You can see:

  • George Steiner, Heidegger (1st ed, 1978), page 22:

“Das Wort ‘Philosophie’ spricht jetzt griechisch.” This means, literally, that the word itself, if we hear it rightly, speaks Greek.

See page 60:

But it is not with the German roots that we must start; it is with Greek etymology, for “along with German, the Greek language is (in regard to its possibilities for thought) at once the most powerful and the most spiritual of all languages.”

For Greek, the source is Heidegger's lecture Was ist das - die Philosophie (1955); see page 45.

  • Thank you for the link to the original argument (which I am not too versed enough in philosophy to grasp, sadly), but where does German come into the picture? I have upvoted the answer, but haven't marked it as accepted because the issue with German isn't clear. – Michael Smith Sep 21 '16 at 9:39

It is the 'pure-ness' of the language that makes Greek and German better for philosophy than, e.g., English.

As you read Heidegger in German or translated in a language close enough to keep all or most of the word-play intact (e.g., Dutch), you'll see the way he builds up his insights. This word comes from this and that, in this and that way it means such and such, but in this and that sentence it means something else, so how is that possible; what is the common root, what is the basic meaning that underlies both differing specific meanings; how is the derivation or development of this to be explained; etc. This technique doesn't make for his strongest arguments; but it provides him the basic elements with which he builds his thinking. If you accept his thinking in the larger picture, you can't get around his way of using etymolog; you'll have to become creative yourself in playing this game.

English is a mixed-up language. The core feeling of it is Germanic, but it has an insane amount of loan-words from Latin. If you take any German or Dutch stem-word from which a long list of derived words can be made, and you translate that into English, you'll see that only the one stem-word in English is still of Germanic origin; the rest are all very different loanwords. Result: the underlying basic meaning cannot be traced easily. Result of which is English words will function like 'stickers': this means that, because we said so, just learn it by heart. German and Dutch words mean something because the words themselves say so. Basically, as an English speaker, you'll need to speak both Latin and German to understand your own language.

Example: here is a list of Dutch words derived from from 'spreken' (to speak). All derivations still show traces of 'spreken', 'spraak', 'gesprek'. In English only 'to speak' remains; the rest are Latin words, and not even from the same Latin word:

Spreken - speak

Aanspreken - address/ appeal

Afspreken - agree/ make an appointment

Bespreken - discuss

Gesprek- talk, conversation

(...) Inspreken - record/ leave a message/ encourage

Tegenspreken - contradict

Uitspreken - pronounce

Verspreken - make slip of tongue

Vanzelfsprekend - evidently, obviously, naturally, taken for granted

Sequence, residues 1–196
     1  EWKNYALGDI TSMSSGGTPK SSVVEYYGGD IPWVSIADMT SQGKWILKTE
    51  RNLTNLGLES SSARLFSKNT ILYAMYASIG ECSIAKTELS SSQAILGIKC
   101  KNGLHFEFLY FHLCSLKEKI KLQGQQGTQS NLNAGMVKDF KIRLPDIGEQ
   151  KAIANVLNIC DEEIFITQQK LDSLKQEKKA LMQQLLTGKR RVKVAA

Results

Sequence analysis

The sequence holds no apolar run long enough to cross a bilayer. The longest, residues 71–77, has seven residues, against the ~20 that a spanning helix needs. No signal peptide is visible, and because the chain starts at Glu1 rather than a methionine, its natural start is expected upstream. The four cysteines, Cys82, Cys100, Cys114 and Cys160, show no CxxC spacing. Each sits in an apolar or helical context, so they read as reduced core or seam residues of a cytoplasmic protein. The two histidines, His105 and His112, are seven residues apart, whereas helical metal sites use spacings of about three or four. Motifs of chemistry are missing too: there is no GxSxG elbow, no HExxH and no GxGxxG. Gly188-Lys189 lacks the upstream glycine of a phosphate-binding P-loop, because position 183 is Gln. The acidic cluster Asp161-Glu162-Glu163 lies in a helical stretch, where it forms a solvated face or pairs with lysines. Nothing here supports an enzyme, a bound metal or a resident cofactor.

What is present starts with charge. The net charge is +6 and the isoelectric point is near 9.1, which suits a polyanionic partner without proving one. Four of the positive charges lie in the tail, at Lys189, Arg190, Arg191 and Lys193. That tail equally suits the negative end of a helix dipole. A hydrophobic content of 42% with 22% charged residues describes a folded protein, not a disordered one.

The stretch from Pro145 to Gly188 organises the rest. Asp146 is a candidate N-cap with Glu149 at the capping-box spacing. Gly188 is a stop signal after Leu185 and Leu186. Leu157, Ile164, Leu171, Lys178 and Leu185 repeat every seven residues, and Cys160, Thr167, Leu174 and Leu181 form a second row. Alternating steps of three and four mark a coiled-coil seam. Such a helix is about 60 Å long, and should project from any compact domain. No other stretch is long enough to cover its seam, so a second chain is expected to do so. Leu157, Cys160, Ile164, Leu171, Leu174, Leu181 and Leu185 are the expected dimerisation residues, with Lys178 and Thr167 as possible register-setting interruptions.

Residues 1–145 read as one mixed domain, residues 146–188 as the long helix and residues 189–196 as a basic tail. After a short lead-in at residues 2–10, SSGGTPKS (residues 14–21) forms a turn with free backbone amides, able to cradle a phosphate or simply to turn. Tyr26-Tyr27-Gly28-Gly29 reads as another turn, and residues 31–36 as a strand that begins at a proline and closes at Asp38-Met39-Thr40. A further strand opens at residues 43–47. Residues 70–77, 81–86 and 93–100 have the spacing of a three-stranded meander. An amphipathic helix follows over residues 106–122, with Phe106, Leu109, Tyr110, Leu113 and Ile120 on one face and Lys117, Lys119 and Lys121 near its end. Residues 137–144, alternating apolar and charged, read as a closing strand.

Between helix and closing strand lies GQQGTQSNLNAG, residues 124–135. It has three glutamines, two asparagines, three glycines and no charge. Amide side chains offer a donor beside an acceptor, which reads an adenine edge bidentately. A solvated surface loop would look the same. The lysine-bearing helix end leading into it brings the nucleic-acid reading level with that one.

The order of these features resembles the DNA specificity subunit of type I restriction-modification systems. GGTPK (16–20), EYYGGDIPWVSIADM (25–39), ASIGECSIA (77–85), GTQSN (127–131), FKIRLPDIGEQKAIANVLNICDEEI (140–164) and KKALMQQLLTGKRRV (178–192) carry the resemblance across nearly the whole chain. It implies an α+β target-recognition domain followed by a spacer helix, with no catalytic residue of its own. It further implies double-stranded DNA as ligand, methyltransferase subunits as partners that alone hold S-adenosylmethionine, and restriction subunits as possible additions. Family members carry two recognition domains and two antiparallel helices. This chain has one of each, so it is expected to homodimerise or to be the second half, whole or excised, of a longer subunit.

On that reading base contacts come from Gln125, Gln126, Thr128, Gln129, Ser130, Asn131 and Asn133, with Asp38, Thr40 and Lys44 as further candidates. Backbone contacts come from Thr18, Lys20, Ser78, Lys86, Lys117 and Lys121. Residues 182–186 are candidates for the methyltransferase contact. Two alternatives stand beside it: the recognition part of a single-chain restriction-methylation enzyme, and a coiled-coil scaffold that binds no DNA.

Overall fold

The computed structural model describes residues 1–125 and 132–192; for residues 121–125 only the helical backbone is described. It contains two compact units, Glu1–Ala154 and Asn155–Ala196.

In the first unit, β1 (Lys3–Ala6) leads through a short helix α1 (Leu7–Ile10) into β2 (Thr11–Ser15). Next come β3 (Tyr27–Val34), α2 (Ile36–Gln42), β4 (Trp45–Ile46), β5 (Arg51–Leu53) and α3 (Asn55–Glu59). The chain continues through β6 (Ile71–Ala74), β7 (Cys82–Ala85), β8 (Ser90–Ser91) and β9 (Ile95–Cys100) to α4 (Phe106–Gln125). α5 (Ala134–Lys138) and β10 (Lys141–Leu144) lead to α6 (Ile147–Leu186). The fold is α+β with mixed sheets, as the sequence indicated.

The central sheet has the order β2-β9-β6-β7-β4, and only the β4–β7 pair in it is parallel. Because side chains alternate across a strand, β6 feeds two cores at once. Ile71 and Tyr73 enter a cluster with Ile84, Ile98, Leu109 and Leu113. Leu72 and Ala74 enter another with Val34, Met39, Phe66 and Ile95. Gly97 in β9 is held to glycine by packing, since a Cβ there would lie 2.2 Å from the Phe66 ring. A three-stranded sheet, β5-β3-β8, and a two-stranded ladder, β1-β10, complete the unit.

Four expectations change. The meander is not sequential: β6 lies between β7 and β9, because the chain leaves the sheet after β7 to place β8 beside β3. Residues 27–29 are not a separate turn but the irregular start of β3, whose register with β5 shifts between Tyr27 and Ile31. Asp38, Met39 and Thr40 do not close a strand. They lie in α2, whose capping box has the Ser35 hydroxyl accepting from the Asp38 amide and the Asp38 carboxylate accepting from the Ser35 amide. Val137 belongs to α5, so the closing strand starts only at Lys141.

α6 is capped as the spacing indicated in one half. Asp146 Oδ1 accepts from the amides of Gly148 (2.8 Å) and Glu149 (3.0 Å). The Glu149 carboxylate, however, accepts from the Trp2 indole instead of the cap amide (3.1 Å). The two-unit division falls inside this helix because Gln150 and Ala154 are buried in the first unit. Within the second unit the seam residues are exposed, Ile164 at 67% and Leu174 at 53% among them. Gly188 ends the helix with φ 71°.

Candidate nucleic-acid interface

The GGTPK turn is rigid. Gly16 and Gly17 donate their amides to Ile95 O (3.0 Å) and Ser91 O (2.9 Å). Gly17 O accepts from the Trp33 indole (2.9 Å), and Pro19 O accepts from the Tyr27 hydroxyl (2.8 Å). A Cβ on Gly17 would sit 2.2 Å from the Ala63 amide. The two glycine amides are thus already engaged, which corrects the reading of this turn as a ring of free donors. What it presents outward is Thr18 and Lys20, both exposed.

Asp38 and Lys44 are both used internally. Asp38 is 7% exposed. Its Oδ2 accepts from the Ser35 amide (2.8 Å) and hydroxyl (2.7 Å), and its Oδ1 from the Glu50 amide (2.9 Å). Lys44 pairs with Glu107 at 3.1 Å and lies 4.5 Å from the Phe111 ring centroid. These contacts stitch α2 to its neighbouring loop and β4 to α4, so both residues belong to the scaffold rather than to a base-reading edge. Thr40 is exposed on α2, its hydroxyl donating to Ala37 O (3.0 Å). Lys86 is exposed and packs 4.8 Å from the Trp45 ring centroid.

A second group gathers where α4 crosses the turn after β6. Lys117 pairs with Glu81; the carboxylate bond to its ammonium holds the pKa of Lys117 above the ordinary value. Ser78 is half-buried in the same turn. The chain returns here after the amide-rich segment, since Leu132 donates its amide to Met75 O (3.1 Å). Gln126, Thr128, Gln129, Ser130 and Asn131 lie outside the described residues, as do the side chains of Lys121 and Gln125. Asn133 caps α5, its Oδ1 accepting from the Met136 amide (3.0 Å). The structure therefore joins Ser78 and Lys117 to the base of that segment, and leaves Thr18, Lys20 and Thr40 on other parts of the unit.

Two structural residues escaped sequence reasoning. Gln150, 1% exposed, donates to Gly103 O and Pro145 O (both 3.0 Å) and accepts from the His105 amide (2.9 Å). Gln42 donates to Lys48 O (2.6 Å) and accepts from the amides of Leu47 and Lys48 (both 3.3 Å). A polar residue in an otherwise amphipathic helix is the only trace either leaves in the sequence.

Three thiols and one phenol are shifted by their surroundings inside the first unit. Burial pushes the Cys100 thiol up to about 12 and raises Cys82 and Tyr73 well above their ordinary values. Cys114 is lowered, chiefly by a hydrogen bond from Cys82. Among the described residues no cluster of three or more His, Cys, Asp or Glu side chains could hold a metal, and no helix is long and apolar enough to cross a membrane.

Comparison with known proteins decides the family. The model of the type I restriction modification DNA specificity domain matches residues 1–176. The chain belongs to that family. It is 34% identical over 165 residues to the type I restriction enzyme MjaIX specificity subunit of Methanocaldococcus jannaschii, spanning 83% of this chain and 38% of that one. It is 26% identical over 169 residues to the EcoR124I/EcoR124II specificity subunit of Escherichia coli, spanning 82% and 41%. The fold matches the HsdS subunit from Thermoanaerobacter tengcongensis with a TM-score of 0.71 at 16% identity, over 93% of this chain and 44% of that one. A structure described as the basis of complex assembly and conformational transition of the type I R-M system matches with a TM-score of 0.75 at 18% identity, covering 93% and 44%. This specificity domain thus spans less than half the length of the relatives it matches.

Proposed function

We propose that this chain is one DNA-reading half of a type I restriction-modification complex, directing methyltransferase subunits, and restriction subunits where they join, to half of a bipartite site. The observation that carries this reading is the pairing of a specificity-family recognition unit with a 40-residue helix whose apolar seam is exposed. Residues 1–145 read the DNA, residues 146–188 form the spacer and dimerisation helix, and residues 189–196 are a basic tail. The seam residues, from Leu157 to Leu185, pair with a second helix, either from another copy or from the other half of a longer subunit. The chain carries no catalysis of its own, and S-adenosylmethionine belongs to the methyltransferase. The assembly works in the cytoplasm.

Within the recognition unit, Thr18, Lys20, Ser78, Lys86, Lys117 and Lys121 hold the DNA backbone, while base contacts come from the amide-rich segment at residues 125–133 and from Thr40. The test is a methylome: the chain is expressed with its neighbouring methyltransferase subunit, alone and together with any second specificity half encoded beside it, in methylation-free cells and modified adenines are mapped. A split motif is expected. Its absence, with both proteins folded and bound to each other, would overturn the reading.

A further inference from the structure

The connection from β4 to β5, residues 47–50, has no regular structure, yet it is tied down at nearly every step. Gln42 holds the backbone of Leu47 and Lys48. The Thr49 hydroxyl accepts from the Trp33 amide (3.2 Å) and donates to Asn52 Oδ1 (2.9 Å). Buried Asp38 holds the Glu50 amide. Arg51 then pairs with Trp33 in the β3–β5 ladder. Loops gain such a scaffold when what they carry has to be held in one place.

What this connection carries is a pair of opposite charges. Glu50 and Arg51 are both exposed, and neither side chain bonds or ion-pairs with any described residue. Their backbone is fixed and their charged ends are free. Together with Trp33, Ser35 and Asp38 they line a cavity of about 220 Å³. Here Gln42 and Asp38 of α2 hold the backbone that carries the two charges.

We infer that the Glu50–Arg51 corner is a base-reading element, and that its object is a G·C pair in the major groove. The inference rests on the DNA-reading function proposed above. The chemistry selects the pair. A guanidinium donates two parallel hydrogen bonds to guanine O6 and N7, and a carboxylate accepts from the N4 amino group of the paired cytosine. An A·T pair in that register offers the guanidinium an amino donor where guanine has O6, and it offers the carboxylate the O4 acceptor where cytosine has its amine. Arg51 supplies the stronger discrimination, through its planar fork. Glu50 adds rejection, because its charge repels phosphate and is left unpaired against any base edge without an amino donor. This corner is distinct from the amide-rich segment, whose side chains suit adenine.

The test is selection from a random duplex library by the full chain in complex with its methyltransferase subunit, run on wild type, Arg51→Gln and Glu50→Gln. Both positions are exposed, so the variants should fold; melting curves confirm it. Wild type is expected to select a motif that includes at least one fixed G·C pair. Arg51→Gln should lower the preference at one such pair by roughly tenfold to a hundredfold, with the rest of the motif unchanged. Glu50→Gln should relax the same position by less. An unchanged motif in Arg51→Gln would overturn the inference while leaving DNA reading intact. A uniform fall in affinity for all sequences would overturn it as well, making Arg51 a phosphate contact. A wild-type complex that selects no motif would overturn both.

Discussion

Vrijspreken - absolve, acquit

As for Heidegger's aversion to Romans and Latin (which is a pretty pure language by itself), this lies somewhere else, mostly. Also, it has to do with the fact that when the Romans translated into Latin (same argument as with English) they romanized everything, also the meaning of words.

But the way in which Heidegger places the Romans in his history of being is another argument. He really reserves a special place for them, as one of the historical high-points/deep-points of nihilism, only to be surpassed by Nietzsche and the technological age (the make-ability of beings coming to the foreground of understanding the world, and a subsequent ending of philosophizing as development of new Original metaphysical basic positions). To argue with this, one must find another way of engaging with Roman culture (e.g., their art; Heidegger focuses more on their politics and their (lack of) philosophy), because, in Heidegger's own terms, you cannot get around this role they played without changing the development of his history of being both backward and forward.


To answer the second part of your question, Heidegger was a Nazi, not an organisation renowned for their rational opinion of nationality. I don't see why, just because he's a famous philosopher, we need seek any more rational explanation for why he considered certain languages to be better than others than racism.

  • 2
    Three thoughts. (1) Can you better connect his Naziism (which is a problem) to the question at hand. Right now, mentioning that as you do just seems like an instance of the genetic fallacy. (2) Obviously we need not seek any explanation of just about anything, but SE is predicated on giving people explanations they seek... (3) This seems more like a comment on the OPs question (as to its validity) than an answer. – virmaior Sep 21 '16 at 10:28
  • 1
    @viramaior Yes, my point about his Nazism is that Nazism at its heart has the concept that certain nationalities are better than others in every way. Therefore, it follows that someone who is a Nazi would select some nationalities (typical of Nazism would be their own and one other classical civilisation) and claim them to be better in every way (including their language for the study of philosophy) than any other. – Isaacson Sep 21 '16 at 10:34
  • I specifically related my answer to the second part of the question which asks for educated guesses as to what the arguments might have been. As Heidegger was not secretly a Nazi it seems a reasonable educated guess that his racism may have been the argument. I'm not sure we could characterize SE as "giving people explanations they seek". What they seek and what we can best estimate to be true might not be the same thing. – Isaacson Sep 21 '16 at 10:39
  • 2
    One of the central themes in "being and time" is how language breaks down when discussing the concept of being, and the book uses special features of the german language to make philosophical points. His Nazism isn't the only, or even major factor in his philosophical discussion of language. – Racheet Sep 21 '16 at 10:53
  • @Racheet I'm not sure that the fact a very intelligent philosopher managed to come up with some pseudo-justification for his racism necessarily means it wasn't the root motive. The OP, however asked for Heidegger's given reasons, not his actual motive so if his belief in the superiority of one race was not in the text then my answer is incorrect. It was just an educated guess, as requested. – Isaacson Sep 21 '16 at 11:02

Your Answer

By clicking “Post Your Answer”, you agree to our terms of service, privacy policy and cookie policy

Not the answer you're looking for? Browse other questions tagged or ask your own question.